About Royal Society International Collaboration Award
The Global Challenges Research Fund (GCRF) is a £1.5 billion fund announced by the UK Government to support cutting-edge research that addresses the challenges faced by developing or Low and Middle Income countries (LMICs). As part of the GCRF, the Royal Society has launched an International Collaboration award to enable outstanding UK research leaders to develop international collaborations with the best leading researchers from around the world. The award is for three years and offers an exciting opportunity to foster and promote international collaboration between outstanding research groups in the UK and overseas, with a view to supporting work on global challenges and problems facing developing countries.
More details about this award can be found at: https://royalsociety.org/grants-schemes-awards/grants/international-collaborations/
Image ©Rolls Royce Plc
Scientists at the University of Warwick’s Department of Computer Science are to benefit from an initiative that seeks to build links between industry and researchers, as part of a project with Rolls-Royce to create a detailed simulation of a gas-turbine engine in operation.
The research aims to lead to the virtual certification of gas turbine engines, with the researchers also seeking to develop the next generation of engineering simulation and modelling techniques during their project.
Their challenge combines fundamental engineering and computational science research and will tackle a level of detail never before attempted in such a simulation.
The project, to be carried out over five years, involving the universities of Warwick, Bristol, Cambridge and Oxford and led by Edinburgh and is one of seven across the UK to benefit from a £42 million programme that aims to build links between the UK’s research base and industry partners.
This is one of two projects the University of Warwick has been granted money for by the Engineering and Physical Sciences Research Council (EPSRC) Prosperity Partnership, as WMG at the University of Warwick was also granted £7m for development of Rapid Alloy Prototyping. See: https://warwick.ac.uk/newsandevents/pressreleases/the_virtual_factory/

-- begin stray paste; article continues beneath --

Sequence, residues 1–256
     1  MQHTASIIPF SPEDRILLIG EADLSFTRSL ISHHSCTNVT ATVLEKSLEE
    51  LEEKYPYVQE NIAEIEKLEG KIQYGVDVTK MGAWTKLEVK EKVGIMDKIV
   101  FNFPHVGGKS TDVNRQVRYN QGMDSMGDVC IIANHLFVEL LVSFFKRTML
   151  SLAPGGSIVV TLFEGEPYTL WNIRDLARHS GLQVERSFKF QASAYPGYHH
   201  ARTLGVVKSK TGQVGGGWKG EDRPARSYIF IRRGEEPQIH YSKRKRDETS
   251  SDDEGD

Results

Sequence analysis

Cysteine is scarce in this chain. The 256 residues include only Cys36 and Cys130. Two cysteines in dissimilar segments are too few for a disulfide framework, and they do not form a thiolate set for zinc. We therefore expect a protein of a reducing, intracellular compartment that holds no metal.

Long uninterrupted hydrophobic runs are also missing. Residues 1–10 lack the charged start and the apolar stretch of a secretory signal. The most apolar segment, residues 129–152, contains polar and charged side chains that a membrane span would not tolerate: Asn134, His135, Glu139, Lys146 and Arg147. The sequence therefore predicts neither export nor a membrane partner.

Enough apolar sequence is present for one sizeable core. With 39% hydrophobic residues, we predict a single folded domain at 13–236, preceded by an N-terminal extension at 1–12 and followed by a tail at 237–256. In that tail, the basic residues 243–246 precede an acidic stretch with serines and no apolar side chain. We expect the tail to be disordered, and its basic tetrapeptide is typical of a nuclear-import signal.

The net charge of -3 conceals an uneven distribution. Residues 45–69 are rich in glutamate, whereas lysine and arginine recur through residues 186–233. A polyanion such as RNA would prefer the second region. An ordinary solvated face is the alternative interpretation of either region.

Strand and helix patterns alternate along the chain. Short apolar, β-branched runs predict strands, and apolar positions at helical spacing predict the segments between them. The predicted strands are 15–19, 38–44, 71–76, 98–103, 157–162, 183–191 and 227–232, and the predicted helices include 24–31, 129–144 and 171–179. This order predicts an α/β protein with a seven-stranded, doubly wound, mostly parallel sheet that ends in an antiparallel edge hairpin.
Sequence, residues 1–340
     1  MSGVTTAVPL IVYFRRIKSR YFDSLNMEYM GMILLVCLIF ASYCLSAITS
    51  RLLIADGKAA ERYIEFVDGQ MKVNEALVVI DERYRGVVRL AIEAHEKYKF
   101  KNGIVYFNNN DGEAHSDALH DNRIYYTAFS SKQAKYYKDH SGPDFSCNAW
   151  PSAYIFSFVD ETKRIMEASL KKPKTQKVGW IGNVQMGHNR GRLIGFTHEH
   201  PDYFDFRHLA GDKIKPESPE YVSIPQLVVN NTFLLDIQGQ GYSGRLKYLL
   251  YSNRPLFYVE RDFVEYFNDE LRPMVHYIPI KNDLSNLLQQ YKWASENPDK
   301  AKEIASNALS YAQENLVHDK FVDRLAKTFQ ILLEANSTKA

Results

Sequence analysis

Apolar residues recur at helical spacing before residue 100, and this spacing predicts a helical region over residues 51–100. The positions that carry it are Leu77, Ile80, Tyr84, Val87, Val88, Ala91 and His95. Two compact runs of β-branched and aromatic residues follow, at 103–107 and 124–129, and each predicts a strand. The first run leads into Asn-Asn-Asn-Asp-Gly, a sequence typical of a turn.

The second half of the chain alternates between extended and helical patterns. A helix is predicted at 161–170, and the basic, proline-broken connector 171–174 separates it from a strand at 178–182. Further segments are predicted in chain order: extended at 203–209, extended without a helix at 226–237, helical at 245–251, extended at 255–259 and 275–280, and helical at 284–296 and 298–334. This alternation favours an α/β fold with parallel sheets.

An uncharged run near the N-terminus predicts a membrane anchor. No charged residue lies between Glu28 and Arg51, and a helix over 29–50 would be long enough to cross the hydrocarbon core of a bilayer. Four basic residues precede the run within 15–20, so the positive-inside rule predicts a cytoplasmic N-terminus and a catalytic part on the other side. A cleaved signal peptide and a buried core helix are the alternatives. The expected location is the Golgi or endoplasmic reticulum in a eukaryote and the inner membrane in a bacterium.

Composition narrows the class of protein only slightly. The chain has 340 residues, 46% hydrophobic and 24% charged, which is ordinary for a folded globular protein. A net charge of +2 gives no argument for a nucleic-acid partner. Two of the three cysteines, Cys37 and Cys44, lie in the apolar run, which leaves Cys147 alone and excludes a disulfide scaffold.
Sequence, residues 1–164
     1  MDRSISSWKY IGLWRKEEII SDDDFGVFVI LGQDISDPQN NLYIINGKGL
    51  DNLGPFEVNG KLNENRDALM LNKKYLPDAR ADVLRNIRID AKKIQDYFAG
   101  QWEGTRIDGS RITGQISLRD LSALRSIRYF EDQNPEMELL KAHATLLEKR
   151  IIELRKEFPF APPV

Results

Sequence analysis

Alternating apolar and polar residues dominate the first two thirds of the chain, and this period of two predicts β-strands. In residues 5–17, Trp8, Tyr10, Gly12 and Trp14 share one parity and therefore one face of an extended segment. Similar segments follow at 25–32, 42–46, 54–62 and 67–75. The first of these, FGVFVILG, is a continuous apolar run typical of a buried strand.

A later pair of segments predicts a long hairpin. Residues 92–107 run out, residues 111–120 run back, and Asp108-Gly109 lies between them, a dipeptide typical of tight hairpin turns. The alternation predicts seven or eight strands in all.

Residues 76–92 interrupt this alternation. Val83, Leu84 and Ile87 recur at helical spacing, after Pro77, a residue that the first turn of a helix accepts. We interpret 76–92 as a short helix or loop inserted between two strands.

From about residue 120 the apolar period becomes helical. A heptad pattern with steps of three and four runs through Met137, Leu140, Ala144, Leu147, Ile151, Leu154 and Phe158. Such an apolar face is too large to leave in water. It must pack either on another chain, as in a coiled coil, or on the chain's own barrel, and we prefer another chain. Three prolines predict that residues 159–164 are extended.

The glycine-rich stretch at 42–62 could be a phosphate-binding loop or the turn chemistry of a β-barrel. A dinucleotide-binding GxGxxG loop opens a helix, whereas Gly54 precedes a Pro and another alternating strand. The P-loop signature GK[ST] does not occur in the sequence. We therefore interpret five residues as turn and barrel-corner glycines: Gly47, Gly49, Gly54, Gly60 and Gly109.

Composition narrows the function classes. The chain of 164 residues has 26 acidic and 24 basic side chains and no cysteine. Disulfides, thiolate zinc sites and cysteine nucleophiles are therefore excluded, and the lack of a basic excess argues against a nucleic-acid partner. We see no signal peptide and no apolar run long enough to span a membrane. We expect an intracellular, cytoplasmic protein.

Commenting Professor Stephen Jarvis, Deputy Pro Vice-Chancellor for Research at the University of Warwick and the Warwick Principal Investigator on the Rolls-Royce Prosperity Partnership, said:
“The University of Warwick has been working with Rolls-Royce for the past ten years, investigating ways in which high performance computing can boost the productivity of aircraft engine design and engineering.
“We are delighted to be working with such a strong team of university and industry partners to deliver next generation engineering simulation and modelling capabilities."
Professor Philip Nelson, EPSRC’s Executive Chair said:
“Our first round of Prosperity Partnerships are proving a great success. They are bringing universities and industry together and applying the creative energies of both to engineering and scientific challenges.
“We are confident that these projects will deliver real benefits to all their partners and help the UK research, discover and innovate.”
The research project will begin in October 2018 and will be led by Professor Jarvis and Dr Mudalige from the Department of Computer Science.
We welcome our new students who have joined the department this week and congratulate them for their excellent results prior to coming here! For the first time ever, they are joining us for a Welcome Week before lectures start next week. We are excited to have so many outstanding new students and are looking forward to seeing them become excellent Computer Scientists in the coming years!